Find your US Representatives and Congressional Districts with SMS and ASP.NET Core

Niels Swimberghe

Niels Swimberghe - - .NET

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Find your Representatives & Congressional Districts with SMS and ASP.NET Core

This blog post was written for Twilio and originally published at the Twilio blog.

When someone runs for office in the United States of America (U.S.), they have to fulfill certain "Ballot Access Requirements" to become listed on the ballot. One of those requirements could be that you need a certain number of signatures per district. So when volunteers and campaign workers go out to gather signatures, it is instrumental to know which congressional district (CD) the signee belongs to. However, knowing which congressional district you are from is not common knowledge, especially in areas where the district cuts right through counties, cities, and neighborhoods. 

States redraw their congressional districts every decade after getting an updated population count from the Census Bureau. Each district is represented by a single U.S. representative in the U.S. House of Representatives. However, the manner in which these districts are drawn often result in unique and odd shapes which can be confusing.  This is why constituents living just a street apart sometimes live in different districts, and as a result, vote in different house races. 

This blog post won't discuss why U.S. congressional district maps are drawn the way they are, however, I highly recommend you look into this topic and learn how it affects political voting power.

When I gathered signatures, the first question I had to ask over and over again was "what congressional district are you from?", and 95% of the time, the answer was "I don't know". That's because in Northern Virginia, the border between the 10th and 11th congressional district cuts directly through some counties, cities, neighborhoods, and streets. 

Map of Virginia's 11th Congressional District
Map of Virginia's 11th Congressional District

The house.gov website has a tool to look up your congressional district and representative, but unfortunately, the tool is slow and painful to use, especially when you're on the go on mobile internet.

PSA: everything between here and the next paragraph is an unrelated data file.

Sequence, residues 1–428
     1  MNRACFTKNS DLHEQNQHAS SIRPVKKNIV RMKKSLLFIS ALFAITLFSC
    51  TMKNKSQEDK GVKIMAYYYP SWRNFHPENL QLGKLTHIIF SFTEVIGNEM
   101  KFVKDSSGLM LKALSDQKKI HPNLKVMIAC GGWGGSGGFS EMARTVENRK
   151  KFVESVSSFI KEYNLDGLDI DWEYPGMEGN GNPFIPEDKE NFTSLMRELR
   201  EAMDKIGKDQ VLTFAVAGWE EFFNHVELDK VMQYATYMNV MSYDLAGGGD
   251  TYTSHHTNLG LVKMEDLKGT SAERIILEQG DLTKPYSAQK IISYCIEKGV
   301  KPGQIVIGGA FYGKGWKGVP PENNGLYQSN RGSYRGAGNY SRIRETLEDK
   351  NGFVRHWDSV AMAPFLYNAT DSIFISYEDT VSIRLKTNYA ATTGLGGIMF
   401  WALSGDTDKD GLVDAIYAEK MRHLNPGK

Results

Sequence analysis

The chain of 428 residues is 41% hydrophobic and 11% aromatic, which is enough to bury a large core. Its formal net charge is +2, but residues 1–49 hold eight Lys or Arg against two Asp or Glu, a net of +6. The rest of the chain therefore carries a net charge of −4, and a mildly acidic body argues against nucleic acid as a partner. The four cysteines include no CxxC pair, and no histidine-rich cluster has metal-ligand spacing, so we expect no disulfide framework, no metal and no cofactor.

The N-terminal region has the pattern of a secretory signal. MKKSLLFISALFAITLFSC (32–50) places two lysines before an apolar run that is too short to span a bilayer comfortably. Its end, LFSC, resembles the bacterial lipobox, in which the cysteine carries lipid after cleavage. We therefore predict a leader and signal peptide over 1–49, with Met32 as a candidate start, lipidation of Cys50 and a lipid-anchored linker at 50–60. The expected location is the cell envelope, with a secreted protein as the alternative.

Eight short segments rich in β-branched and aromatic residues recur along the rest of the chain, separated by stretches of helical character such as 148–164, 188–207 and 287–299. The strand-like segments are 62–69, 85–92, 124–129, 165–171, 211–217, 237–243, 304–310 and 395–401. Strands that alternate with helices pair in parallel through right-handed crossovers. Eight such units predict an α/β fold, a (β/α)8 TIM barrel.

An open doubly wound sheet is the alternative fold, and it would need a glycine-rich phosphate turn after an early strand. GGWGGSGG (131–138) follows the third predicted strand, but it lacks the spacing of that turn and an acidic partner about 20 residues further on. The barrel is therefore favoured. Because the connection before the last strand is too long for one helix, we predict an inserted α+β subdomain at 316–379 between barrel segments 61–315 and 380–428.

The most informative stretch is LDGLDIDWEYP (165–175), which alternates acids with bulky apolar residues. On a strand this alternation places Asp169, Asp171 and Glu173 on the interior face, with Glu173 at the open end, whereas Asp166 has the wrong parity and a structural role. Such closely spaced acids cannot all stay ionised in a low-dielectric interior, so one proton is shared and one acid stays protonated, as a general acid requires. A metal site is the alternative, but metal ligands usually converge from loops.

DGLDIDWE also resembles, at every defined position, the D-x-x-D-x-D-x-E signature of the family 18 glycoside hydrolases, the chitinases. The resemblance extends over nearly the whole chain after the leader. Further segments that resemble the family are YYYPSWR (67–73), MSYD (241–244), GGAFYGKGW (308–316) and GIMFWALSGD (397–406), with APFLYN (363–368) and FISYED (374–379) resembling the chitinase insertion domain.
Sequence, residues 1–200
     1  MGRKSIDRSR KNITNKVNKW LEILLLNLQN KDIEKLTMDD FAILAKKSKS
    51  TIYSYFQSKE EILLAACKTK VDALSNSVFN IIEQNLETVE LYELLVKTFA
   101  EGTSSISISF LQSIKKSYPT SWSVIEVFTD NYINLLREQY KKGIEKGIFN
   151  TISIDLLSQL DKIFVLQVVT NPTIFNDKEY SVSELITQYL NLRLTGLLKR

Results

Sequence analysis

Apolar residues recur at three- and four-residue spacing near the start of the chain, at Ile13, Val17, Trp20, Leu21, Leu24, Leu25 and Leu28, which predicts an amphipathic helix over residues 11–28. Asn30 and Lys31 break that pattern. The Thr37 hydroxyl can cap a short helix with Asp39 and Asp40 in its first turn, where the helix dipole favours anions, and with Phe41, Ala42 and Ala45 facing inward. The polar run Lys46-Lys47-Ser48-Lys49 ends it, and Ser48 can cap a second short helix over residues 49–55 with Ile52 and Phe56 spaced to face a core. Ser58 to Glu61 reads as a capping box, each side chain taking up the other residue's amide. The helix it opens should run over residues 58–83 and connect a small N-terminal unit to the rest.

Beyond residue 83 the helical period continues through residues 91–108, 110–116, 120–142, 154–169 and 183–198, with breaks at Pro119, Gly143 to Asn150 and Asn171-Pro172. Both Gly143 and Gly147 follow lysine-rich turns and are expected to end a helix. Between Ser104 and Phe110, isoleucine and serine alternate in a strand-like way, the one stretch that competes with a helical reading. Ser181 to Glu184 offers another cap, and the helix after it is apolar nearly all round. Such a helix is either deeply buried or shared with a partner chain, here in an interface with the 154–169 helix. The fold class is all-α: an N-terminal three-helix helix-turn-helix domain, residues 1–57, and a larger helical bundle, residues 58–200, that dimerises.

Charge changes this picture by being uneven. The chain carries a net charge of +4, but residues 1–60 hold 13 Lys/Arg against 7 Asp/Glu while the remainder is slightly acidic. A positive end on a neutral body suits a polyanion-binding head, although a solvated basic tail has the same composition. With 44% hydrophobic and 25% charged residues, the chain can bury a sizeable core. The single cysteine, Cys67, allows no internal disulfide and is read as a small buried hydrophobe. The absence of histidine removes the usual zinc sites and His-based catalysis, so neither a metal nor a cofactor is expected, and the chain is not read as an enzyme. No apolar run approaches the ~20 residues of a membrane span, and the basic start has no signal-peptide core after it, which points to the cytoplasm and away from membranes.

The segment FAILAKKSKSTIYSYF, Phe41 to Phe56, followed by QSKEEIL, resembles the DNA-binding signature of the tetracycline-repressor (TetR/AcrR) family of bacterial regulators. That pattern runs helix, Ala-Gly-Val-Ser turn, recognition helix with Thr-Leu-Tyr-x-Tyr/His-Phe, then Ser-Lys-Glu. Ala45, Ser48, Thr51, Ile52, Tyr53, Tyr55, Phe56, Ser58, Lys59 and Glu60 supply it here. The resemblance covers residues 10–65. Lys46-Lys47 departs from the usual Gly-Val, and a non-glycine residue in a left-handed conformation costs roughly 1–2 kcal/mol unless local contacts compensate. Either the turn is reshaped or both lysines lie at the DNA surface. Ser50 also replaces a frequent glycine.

That's why instead of using web technology, I built a solution using connectivity technology that's more accessible, more reliable, and simpler. Using Twilio SMS, I built a phone number that you can text your address to and you will receive a response with your congressional district and representative. Let me walk you through how you can build this SMS bot using Twilio, C# .NET, and Google's Civic Information API.

Prerequisites #

You'll need a couple of things to follow along:

You can find the source code for this tutorial on GitHub. Use it as a reference if you run into any issues, or submit an issue if you need assistance.

Get Started with the Google Civic Information API #

This SMS bot will use the Google Civic Information API to look up the U.S. congressional districts and representatives. This API has a free tier as part of the Google Cloud Platform.

Go to the Google Cloud Console and create a new project. Once the project is created, select the project using the project dropdown in the top-left navigation bar.

You'll first need to enable the Civic Information API. Click on "ENABLE APIS AND SERVICES", then search for the "Civic Information API".

The "Enabled APIs & services" page in Google Cloud Platform. The page has a button to "ENABLE APIS AND SERVICES".

Click on the search result and then click ENABLE.

The API listing for the "Google Civic Information API" with an enable button.

Now that the API is enabled for your project, you'll need to create an API token to be able to authenticate when consuming the API from your .NET project. Navigate to the Credentials page, click on "CREATE CREDENTIALS" and then on "API key".

GCP Credentials page where the user clicks on the "CREATE CREDENTIALS" button and then on the "API key" menu item.

A modal will appear showing your API key. You will need this API key later, so copy and paste the API key somewhere safe. Next, click on the "Edit API key" link.

API key created modal with a copy button to copy the key and a link "Edit API key".